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Autocorrelation in R

Practice autocorrelation in R by using course material from DataCamp's Introduction to Time Series Analysis course.

If you want to take our Introduction to Time Series Analysis in R course, here is the link.

Calculating autocorrelations

Autocorrelations or lagged correlations are used to assess whether a time series is dependent on its past. For a time series x of length n we consider the n-1 pairs of observations one time unit apart. The first such pair is (x[2],x[1]), and the next is (x[3],x[2]). Each such pair is of the form (x[t],x[t-1]) where t is the observation index, which we vary from 2 to n in this case. The lag-1 autocorrelation of x can be estimated as the sample correlation of these (x[t], x[t-1]) pairs.

In general, we can manually create these pairs of observations. First, create two vectors, x_t0 and x_t1, each with length n-1, such that the rows correspond to (x[t], x[t-1]) pairs. Then apply the cor() function to estimate the lag-1 autocorrelation.

Luckily, the acf() command provides a shortcut. Applying acf(..., lag.max = 1, plot = FALSE) to a series x automatically calculates the lag-1 autocorrelation.

Finally, note that the two estimates differ slightly as they use slightly different scalings in their calculation of sample covariance, 1/(n-1) versus 1/n. Although the latter would provide a biased estimate, it is preferred in time series analysis, and the resulting autocorrelation estimates only differ by a factor of (n-1)/n.

In this exercise, you'll practice both the manual and automatic calculation of a lag-1 autocorrelation. The time series x and its length n (150) have already been loaded. The series is shown in the plot on the right.

Instructions

  • Create two vectors, x_t0 and x_t1, each with length n-1 such that the rows correspond to the (x[t], x[t-1]) pairs.
  • Confirm that x_t0 and x_t1 are (x[t], x[t-1]) pairs using the pre-written code.
  • Use plot() to view the scatterplot of x_t0 and x_t1.
  • Use cor() to view the correlation between x_t0 and x_t1.
  • Use acf() with x to automatically calculate the lag-1 autocorrelation. Set the lag.max argument to 1 to produce a single lag period and set the plot argument to FALSE.
  • Confirm that the difference factor is (n-1)/n using the pre-written code.
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If that makes sense keep going to the next exercise! If not, here is an overview video.

Overview Video on Autocorrelation

The autocorrelation function

Autocorrelations can be estimated at many lags to better assess how a time series relates to its past. We are typically most interested in how a series relates to its most recent past.

The acf(..., lag.max = ..., plot = FALSE) function will estimate all autocorrelations from 0, 1, 2,..., up to the value specified by the argument lag.max. In the previous exercise, you focused on the lag-1 autocorrelation by setting the lag.max argument to 1.

In this exercise, you'll explore some further applications of the acf() command. Once again, the time series x has been preloaded for you and is shown in the plot on the right.

Instructions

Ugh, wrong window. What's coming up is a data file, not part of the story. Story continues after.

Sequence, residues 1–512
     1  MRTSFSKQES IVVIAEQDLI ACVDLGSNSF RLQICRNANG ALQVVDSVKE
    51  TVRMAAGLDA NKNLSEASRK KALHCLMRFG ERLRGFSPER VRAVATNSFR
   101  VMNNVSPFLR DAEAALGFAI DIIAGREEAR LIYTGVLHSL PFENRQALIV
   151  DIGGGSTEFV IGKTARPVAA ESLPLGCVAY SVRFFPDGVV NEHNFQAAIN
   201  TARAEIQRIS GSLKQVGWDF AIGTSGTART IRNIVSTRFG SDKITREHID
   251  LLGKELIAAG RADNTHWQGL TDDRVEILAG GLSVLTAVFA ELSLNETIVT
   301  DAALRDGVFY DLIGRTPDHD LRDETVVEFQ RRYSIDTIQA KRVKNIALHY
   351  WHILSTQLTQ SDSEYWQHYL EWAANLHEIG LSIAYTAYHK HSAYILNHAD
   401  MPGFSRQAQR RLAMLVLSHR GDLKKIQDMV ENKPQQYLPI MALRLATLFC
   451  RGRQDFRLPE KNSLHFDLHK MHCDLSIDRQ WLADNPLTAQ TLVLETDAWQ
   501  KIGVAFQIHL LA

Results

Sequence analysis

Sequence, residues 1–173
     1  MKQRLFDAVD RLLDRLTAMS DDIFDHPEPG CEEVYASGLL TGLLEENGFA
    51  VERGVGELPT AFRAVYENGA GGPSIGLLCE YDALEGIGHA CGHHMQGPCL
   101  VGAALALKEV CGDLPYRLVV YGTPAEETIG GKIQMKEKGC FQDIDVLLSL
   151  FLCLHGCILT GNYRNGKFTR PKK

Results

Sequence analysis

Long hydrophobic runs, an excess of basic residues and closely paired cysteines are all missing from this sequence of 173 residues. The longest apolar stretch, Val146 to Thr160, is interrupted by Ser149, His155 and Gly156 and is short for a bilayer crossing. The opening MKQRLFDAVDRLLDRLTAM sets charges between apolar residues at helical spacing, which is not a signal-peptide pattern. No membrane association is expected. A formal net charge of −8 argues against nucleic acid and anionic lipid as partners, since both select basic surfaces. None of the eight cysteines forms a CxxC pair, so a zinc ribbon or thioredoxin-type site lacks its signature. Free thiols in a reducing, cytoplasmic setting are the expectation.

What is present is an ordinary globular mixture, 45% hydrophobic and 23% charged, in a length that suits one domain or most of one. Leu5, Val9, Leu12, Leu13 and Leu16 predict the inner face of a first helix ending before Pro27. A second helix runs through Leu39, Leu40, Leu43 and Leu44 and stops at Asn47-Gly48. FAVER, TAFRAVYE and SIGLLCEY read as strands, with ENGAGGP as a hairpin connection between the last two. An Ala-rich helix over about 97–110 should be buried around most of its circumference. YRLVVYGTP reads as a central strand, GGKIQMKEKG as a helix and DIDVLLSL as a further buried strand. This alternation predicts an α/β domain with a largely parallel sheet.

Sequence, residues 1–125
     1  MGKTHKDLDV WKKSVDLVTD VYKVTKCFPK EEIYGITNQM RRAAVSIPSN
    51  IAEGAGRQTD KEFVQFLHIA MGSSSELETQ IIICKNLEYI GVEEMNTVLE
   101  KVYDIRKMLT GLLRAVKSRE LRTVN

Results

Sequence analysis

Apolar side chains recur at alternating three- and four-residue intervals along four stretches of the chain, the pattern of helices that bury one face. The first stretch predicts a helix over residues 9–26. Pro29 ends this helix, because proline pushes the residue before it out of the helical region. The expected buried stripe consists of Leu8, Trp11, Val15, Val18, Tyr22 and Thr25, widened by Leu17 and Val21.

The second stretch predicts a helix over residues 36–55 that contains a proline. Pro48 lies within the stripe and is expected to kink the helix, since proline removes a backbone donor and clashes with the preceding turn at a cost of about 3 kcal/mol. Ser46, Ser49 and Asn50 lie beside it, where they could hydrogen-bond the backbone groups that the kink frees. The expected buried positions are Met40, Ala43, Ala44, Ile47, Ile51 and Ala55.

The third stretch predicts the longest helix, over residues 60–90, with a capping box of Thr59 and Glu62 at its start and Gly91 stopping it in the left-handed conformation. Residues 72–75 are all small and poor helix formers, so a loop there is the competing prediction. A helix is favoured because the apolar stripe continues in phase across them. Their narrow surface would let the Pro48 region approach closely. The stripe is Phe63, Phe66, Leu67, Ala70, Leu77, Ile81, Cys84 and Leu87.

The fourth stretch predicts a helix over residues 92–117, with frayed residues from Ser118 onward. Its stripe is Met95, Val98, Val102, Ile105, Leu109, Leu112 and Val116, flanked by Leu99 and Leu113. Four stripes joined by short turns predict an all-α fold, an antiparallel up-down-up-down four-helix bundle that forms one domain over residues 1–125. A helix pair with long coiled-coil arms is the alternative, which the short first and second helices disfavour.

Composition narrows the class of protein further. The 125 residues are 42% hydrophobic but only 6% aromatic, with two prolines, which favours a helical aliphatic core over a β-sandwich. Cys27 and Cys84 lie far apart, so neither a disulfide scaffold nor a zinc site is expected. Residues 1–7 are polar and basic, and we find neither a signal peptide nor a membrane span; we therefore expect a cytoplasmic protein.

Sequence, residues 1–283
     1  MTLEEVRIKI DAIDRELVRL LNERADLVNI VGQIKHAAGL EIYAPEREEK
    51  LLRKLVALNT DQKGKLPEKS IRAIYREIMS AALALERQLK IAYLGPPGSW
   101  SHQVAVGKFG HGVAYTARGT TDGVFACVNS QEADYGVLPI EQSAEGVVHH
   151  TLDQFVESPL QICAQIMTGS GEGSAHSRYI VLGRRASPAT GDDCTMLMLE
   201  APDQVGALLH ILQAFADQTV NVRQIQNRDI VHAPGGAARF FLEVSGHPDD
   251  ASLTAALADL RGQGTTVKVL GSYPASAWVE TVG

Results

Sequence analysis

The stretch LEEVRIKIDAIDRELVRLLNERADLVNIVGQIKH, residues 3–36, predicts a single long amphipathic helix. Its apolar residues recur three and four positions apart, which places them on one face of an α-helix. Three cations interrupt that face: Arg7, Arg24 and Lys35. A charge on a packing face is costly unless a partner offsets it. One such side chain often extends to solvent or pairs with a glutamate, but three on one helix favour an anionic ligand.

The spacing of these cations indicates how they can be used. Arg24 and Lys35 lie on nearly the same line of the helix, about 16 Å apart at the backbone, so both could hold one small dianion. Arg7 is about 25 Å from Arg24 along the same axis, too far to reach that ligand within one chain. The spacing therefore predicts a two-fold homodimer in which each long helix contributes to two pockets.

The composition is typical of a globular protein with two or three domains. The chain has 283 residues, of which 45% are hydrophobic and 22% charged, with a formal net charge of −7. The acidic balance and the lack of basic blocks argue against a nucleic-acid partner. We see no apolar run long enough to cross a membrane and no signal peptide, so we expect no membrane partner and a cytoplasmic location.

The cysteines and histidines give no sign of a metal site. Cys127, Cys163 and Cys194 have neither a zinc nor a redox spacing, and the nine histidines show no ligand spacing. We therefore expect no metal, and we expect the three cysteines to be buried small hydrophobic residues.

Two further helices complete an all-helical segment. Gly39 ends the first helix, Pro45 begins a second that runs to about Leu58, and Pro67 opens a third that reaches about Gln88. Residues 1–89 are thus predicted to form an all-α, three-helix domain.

• Use acf() to view the autocorrelations of series x from 0 to 10. Set the lag.max argument to 10 and keep the plot argument as FALSE.
  • Copy and paste the autocorrelation estimate (ACF) at lag-10.
  • Copy and paste the autocorrelation estimate (ACF) at lag-5.
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Visualizing the autocorrelation function

Estimating the autocorrelation function (ACF) at many lags allows us to assess how a time series x relates to its past. The numeric estimates are important for detailed calculations, but it is also useful to visualize the ACF as a function of the lag.

In fact, the acf() command produces a figure by default. It also makes a default choice for lag.max, the maximum number of lags to be displayed.

Three time series x, y, and z have been loaded into your R environment and are plotted on the right. The time series x shows strong persistence, meaning the current value is closely relatively to those that proceed it. The time series y shows a periodic pattern with a cycle length of approximately four observations, meaning the current value is relatively close to the observation four before it. The time series z does not exhibit any clear pattern.

In this exercise, you'll plot an estimated autocorrelation function for each time series. In the plots produced by acf(), the lag for each autocorrelation estimate is denoted on the horizontal axis and each autocorrelation estimate is indicated by the height of the vertical bars. Recall that the ACF at lag-0 is always 1.

Finally, each ACF figure includes a pair of blue, horizontal, dashed lines representing lag-wise 95% confidence intervals centered at zero. These are used for determining the statistical significance of an individual autocorrelation estimate at a given lag versus a null value of zero, i.e., no autocorrelation at that lag.

Instructions

Use three calls of the function acf() to display the estimated ACFs of each of your three time series (x, y, and z). There is no need to specify additional arguments in your calls to acf().

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